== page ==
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7 Storage Vendors Keeping Up With Big Data

  • One of the more confusing aspects of a big-data project is figuring out what type of storage to use. Wading through all the technical terms and marketing-speak is time consuming and you often end up confused and frustrated as opposed to enlightened. In this slideshow, we provide some shopping guidance for big-data storage. There are many storage vendors pushing their particular products and architectures. We list seven that are adept at supporting big data and explain how they can be good options in certain scenarios.

    Your choice in a storage platform will mostly revolve around the type of data being stored, how it is collected, and what type of analytics framework is used to collect and perform data mining. Some popular analytics frameworks include Spark, Hadoop, Flink, and NoSQL.

    There are several different types of storage solutions for big data, depending on your environment. From a network-attached storage perspective, clustered/scale-out NAS remains a popular choice. Object-storage systems also are gaining traction as storage optimized for hyperscale computing environments. Last, there's a niche market in big-data analytics that can take advantage of pre-configured and easy to deploy hyperconverged platforms, which include compute, network and storage in one neat little single-vendor bundle.

    That said, let's take a look at which storage vendors and products we're excited about when it comes to supporting big-data initiatives. Our section includes the typical players that have been in the storage space for years. But we also include some up-and-coming vendors and technologies that are making an impact on the rapidly growing and changing world of big data.

    (Image: Sehenswerk/iStockphoto)

  • EMC 


    EMC this spring announced Virtustream Storage Cloud, a hyper-scale storage cloud available as a service or on premises to take on rivals such as Microsoft, Oracle, and IBM. VSC is an object- storage platform that provides a number of unique controls and automation tools as well as a laser-like focus on applications that are I/O intensive. EMC acquired Virtustream last year.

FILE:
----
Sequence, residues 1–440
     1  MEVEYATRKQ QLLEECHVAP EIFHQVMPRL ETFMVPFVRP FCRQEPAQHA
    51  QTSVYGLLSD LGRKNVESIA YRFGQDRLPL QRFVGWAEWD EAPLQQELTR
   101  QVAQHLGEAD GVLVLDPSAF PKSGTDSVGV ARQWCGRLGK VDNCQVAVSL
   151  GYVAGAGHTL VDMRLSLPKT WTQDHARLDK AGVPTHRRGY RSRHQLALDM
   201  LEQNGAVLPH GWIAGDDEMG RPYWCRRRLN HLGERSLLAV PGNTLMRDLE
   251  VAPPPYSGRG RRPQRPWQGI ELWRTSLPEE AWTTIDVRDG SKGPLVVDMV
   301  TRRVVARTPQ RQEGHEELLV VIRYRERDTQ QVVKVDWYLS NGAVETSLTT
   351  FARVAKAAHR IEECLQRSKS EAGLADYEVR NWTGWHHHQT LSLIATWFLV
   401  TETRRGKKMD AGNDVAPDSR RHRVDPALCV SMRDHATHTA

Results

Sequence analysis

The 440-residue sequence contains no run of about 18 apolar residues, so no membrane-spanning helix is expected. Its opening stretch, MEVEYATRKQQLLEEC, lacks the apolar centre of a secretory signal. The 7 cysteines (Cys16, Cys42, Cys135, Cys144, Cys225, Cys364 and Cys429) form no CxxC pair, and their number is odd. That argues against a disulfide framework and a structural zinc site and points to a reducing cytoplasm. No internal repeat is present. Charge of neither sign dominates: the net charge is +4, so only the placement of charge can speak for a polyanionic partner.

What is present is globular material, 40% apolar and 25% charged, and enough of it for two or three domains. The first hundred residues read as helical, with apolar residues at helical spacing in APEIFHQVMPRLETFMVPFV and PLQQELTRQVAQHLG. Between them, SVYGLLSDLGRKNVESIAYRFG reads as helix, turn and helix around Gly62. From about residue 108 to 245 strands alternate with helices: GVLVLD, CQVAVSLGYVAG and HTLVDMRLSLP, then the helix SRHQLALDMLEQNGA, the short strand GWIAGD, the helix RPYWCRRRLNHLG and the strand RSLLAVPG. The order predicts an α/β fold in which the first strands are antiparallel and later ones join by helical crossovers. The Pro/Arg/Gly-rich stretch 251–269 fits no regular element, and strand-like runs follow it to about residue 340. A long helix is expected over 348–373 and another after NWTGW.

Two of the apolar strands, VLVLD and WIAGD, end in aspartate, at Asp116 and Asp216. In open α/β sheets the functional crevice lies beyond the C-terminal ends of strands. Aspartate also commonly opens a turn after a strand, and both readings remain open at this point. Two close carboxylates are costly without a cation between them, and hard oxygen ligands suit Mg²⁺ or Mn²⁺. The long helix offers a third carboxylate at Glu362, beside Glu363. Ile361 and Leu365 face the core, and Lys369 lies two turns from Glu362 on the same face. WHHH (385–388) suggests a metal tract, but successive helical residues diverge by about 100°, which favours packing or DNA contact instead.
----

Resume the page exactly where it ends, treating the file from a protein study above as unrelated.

• IBM


    If your big-data ambitions require the speed of an all-flash storage array, you may want to check out IBM’s FlashSystem portfolio. IBM claims that the minimum latency for storage access is 250 microseconds or less. The company looks to be targeting big-data deployments in the cloud that would suffer if storage latency is too high.

  • Infinite IO


    Performing data analytics on ultra-fast flash storage arrays is where all the action is. Yet most big data is going to sit dormant for long periods of time. The area of cold storage is an interesting topic right now and new companies such as Infinite IO are tackling it. The company’s unique storage architecture helps to bridge the gap between active (hot) data and inactive (cold) data in low-cost cloud storage tiers.

  • Hitachi Data Systems 


    HDS appears to be focusing its big-data efforts on its Virtual Storage Platform (VSP) line, which combines NAS and cloud storage tiering to lower overall storage costs for customers.

  • Seagate 


    If you’re in the market for a high-performance computing environment with high I/O requirements – and looking for a storage platform that supports Intel’s Enterprise Edition for Lustre (IEEL) platform – Seagate's ClusterStor might be right for you. Seagate made the IEEL support known only a few months ago; it helps  bring the widely popular ClusterStor portfolio to new customers that preferred using Intel’s distribution of Lustre.

  • Cisco 


    When it comes to hyperconverged systems that combine compute, network, and storage, Nutanix used to be the biggest game in town. But since hyperconvergence has taken off as of late, Cisco has entered the arena with its HyperFlex line of products. From a storage perspective, Cisco’s product combines both solid-state and spinning-platter drives that are architected in such a way to provide optimal performance and high availability. While HyperFlex may not be right for large-scale big-data projects, it allows for a decent amount of scaling and sufficient east-west throughput for big-data workloads.

  • Pure Storage 


    If you haven’t noticed by now, many big-data initiatives require the raw I/O speed of solid-state drives. One of the small, agile players in the big-data SSD storage market is Pure Storage. Its latest Evergreen storage product line can be upgraded not only from a storage capacity standpoint, but also from a performance standpoint. Users can easily upgrade controllers to the point where the company claims customers can deploy the technology "once and keep expanding and improving it for 10 years or more, all without any downtime, performance impact, or data migrations.”